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In Self Defense Claim, Is Gang Evidence Admissible?

Summary in 50 Words or Less: A self-defense and heat of passion jury instruction may be given in the context for the jury to consider if defendant’s gang membership allowed defendant to regard self-defense as necessary.  We think this is a terrible instruction, particularly since membership in a criminal street gang, a crime in and of itself, should not give a defendant the right to claim self defense or a heat of passion murder and that a jury will recognize this irony and, consequently, never apply it.
The Tongan Crips and the Norteños have been rivals in Sacramento for many years.  In the murder trial of Tevita Tkoni Kaihea, the jury heard that from 2014 to 2018, there was basically a state of war between the two gangs.  In 2013, Norteños killed the brother of Mr. Kaihea.  Then in 2014, two Norteños shot at a group of Tongan Crips.  Then in 2015, Tongan Crips retaliated and killed two Norteños.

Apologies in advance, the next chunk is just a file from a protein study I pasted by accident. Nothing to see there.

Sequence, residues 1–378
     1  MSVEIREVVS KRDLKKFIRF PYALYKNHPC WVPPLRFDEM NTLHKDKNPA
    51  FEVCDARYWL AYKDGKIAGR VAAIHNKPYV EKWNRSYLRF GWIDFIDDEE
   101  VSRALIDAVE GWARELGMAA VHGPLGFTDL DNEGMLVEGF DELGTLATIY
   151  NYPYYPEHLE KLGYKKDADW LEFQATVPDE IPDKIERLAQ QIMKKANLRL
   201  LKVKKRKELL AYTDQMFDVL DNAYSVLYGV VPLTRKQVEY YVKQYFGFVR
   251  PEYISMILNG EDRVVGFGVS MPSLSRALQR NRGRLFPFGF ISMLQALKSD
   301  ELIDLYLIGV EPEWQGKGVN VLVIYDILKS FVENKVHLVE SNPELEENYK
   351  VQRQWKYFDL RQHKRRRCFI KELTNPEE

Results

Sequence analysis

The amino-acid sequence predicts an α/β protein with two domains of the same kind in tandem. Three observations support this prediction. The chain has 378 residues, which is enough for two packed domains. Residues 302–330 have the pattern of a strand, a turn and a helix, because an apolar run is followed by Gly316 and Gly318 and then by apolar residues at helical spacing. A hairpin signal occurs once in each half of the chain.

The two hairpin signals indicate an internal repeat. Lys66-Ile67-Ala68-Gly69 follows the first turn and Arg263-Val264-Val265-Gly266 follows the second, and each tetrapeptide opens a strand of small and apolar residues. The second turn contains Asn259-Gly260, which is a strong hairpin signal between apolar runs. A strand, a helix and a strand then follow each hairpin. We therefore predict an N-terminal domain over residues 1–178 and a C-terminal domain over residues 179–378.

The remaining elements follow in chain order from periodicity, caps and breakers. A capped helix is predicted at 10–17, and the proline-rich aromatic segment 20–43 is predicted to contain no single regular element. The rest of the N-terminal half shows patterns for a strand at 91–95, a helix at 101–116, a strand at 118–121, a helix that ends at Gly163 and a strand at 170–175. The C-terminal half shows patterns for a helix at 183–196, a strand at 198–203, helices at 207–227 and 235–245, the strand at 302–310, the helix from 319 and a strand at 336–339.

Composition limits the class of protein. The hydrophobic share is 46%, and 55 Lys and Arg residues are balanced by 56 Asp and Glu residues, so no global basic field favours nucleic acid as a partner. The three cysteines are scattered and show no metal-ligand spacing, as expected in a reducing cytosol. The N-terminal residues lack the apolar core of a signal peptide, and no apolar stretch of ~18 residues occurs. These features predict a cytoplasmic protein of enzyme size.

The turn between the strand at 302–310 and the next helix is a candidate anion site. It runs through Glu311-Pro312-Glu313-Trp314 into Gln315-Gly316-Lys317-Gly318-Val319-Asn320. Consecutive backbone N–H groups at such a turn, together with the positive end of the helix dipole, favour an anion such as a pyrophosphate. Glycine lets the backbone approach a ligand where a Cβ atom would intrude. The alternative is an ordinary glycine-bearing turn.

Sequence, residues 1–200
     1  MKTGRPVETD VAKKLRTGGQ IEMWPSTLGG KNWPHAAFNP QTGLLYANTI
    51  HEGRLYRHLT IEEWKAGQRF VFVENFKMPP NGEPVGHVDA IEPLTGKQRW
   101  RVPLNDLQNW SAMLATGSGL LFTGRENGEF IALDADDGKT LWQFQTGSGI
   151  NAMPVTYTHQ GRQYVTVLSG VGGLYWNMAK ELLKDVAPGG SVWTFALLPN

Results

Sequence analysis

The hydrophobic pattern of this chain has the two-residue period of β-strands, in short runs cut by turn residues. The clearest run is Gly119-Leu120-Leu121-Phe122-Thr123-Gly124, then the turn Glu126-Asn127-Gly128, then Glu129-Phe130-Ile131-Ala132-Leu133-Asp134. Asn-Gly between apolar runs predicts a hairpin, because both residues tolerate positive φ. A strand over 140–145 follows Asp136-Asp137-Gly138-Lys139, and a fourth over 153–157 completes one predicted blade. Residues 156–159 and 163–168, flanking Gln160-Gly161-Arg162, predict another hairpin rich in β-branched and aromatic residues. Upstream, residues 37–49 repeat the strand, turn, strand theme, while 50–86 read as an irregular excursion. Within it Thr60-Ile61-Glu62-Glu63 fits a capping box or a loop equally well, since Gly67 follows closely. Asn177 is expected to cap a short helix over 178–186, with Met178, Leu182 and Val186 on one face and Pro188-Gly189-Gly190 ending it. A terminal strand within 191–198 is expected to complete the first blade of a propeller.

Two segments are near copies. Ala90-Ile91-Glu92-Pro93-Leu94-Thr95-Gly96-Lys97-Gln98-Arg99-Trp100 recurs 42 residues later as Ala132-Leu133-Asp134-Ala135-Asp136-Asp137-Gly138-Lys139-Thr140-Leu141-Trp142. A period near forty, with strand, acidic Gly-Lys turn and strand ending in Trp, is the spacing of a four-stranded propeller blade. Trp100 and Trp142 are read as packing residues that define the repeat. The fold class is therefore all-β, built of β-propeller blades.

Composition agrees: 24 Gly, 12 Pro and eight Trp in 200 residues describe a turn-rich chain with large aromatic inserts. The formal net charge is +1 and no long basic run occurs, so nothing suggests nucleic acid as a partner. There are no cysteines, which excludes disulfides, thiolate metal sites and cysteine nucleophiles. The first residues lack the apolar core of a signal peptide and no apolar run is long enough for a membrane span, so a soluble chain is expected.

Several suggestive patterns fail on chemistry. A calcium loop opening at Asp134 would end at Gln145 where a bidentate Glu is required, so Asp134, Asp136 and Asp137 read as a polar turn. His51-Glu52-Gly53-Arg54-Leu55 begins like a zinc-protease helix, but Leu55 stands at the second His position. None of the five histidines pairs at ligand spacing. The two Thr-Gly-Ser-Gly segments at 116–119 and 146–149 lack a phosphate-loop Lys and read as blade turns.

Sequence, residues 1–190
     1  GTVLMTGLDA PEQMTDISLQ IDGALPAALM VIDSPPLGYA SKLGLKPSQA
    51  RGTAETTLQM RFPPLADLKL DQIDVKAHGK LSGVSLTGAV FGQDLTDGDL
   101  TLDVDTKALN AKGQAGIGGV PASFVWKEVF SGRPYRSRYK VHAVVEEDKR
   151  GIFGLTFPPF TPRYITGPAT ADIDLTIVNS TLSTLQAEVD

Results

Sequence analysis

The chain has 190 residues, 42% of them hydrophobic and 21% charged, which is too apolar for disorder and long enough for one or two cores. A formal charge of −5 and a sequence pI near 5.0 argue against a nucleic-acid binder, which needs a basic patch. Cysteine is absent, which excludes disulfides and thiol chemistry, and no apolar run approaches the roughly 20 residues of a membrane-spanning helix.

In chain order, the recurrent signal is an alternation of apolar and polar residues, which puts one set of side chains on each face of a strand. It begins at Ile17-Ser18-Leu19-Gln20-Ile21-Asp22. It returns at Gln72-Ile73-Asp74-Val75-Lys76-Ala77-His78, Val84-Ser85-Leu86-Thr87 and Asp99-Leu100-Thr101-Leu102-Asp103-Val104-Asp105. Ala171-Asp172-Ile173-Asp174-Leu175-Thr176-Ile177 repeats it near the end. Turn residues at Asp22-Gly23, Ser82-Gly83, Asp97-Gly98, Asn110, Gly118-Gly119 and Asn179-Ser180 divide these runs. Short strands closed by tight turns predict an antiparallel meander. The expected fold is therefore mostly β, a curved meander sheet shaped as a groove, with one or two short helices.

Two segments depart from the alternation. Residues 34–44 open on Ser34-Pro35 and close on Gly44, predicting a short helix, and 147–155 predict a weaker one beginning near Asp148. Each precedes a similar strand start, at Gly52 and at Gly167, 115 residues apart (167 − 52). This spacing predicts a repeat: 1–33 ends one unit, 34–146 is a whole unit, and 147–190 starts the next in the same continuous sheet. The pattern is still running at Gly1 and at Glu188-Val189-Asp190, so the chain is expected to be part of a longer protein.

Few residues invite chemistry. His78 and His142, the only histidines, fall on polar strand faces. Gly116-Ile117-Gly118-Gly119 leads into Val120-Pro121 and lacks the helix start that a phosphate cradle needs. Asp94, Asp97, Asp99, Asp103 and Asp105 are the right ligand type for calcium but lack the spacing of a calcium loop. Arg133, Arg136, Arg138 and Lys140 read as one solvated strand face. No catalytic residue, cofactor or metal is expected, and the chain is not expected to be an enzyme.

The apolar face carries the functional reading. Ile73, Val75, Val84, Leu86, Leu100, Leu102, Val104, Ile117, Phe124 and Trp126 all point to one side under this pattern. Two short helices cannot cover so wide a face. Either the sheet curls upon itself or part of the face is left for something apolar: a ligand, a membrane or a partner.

Things had seemed to settle down until Mr. Kaihea and codefendant Charlie Hola went on a three-hour crime spree in 2018.  The spree began when Kaihea and Hola stole a van and drove it to a fast food restaurant, where they robbed two people at gunpoint.

About a half-hour later, Kaihea and Hola drove by the house of T.L., who, seeing the van, became suspicious that the van’s occupants had been involved in a robbery the previous night, when some of T.L.’s marijuana had been taken.  T.L. got his gun and drove after the van.  When it came to a stop, he started photographing the van.  Kaihea stepped out of the passenger side of the van and shot T.L. six or seven times.  One round hit him in the face.  He survived, however.

About an hour later, Kaihea and Hola arrived at Sacramento City College, where surveillance cameras would capture the murder.  In the video, which was played for the jury, the victim, R.G., and a companion R.R., can be seen walking down the street.  Both were Norteños gang members and R.G. was wearing a red belt, a Norteño color.